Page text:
Two motorboats travelling up and down a lake at constant speeds leave opposite ends A and B at the same instant, passing each other, for the first time 600 metres from A, and on their return, 400. . . .

Imagine an infinitely large sheet of square dotty paper on which you can draw triangles of any size you wish (providing each vertex is on a dot). What areas is it/is it not possible to draw?

How many different symmetrical shapes can you make by shading triangles or squares?

In a three-dimensional version of noughts and crosses, how many winning lines can you make?

Draw a square. A second square of the same size slides around the first always maintaining contact and keeping the same orientation. How far does the dot travel?

Three circles have a maximum of six intersections with each other. What is the maximum number of intersections that a hundred circles could have?

Can you describe this route to infinity? Where will the arrows take you next?

Choose a couple of the sequences. Try to picture how to make the next, and the next, and the next... Can you describe your reasoning?

Problem solving is at the heart of the NRICH site. All the problems give learners opportunities to learn, develop or use mathematical concepts and skills. Read here for more information.

This article for teachers discusses examples of problems in which there is no obvious method but in which children can be encouraged to think deeply about the context and extend their ability to. . . .

Here are four tiles. They can be arranged in a 2 by 2 square so that this large square has a green edge. If the tiles are moved around, we can make a 2 by 2 square with a blue edge... Now try to. . . .

An irregular tetrahedron is composed of four different triangles. Can such a tetrahedron be constructed where the side lengths are 4, 5, 6, 7, 8 and 9 units of length?

Euler discussed whether or not it was possible to stroll around Koenigsberg crossing each of its seven bridges exactly once. Experiment with different numbers of islands and bridges.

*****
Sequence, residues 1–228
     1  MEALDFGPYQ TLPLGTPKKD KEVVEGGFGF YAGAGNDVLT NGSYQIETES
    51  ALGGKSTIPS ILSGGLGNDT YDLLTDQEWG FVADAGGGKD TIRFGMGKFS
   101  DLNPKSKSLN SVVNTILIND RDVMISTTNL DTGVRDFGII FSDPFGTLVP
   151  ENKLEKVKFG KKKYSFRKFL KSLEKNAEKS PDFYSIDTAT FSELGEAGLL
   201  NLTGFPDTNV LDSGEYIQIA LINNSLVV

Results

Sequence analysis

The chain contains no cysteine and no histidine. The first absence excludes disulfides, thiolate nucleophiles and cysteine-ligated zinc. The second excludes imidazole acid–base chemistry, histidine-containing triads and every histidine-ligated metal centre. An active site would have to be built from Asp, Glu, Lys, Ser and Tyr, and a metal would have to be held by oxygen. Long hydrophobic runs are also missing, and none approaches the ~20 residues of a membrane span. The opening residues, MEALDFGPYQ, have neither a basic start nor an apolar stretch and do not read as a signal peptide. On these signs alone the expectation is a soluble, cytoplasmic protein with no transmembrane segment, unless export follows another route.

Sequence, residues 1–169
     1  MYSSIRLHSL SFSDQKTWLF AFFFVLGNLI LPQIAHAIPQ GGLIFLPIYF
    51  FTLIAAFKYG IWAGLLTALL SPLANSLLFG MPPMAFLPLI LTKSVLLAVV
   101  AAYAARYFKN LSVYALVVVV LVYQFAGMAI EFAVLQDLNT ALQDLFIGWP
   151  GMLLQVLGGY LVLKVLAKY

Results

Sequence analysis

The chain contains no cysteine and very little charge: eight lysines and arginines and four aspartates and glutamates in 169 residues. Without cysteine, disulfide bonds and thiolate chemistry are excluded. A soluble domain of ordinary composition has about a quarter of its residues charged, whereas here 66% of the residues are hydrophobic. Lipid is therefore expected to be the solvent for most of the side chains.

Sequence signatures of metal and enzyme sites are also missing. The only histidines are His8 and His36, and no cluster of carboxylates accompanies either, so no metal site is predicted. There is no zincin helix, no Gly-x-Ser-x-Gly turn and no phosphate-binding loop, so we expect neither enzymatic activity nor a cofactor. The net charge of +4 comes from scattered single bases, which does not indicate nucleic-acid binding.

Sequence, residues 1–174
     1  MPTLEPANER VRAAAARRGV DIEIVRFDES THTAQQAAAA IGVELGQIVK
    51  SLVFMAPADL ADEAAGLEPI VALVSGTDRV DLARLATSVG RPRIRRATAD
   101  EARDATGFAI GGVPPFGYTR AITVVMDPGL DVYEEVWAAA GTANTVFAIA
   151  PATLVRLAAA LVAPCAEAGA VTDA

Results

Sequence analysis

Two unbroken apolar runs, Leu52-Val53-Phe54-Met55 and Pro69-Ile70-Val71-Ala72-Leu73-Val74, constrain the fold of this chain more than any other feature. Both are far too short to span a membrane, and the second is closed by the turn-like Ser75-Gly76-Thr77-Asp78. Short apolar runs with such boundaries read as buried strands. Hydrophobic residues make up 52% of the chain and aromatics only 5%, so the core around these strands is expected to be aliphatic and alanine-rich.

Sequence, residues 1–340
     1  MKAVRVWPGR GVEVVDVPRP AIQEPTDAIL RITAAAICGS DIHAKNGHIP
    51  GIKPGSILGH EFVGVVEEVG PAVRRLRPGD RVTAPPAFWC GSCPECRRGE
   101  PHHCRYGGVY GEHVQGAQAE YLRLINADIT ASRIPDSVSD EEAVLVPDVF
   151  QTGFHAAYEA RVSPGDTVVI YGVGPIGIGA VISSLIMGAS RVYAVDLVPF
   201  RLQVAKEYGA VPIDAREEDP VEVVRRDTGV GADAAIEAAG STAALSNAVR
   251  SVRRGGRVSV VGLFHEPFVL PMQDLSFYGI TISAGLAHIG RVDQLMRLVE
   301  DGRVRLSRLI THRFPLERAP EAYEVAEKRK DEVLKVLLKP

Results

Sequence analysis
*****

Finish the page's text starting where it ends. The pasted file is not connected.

If you have only 40 metres of fencing available, what is the maximum area of land you can fence off?

Seven small rectangular pictures have one inch wide frames. The frames are removed and the pictures are fitted together like a jigsaw to make a rectangle of length 12 inches. Find the dimensions of. . . .

A half-cube is cut into two pieces by a plane through the long diagonal and at right angles to it. Can you draw a net of these pieces? Are they identical?

Some puzzles requiring no knowledge of knot theory, just a careful inspection of the patterns. A glimpse of the classification of knots and a little about prime knots, crossing numbers and. . . .

Can you dissect a square into: 4, 7, 10, 13... other squares? 6, 9, 12, 15... other squares? 8, 11, 14... other squares?

ABCDEFGH is a 3 by 3 by 3 cube. Point P is 1/3 along AB (that is AP : PB = 1 : 2), point Q is 1/3 along GH and point R is 1/3 along ED. What is the area of the triangle PQR?

The image in this problem is part of a piece of equipment found in the playground of a school. How would you describe it to someone over the phone?

Four rods, two of length a and two of length b, are linked to form a kite. The linkage is moveable so that the angles change. What is the maximum area of the kite?

The aim of the game is to slide the green square from the top right hand corner to the bottom left hand corner in the least number of moves.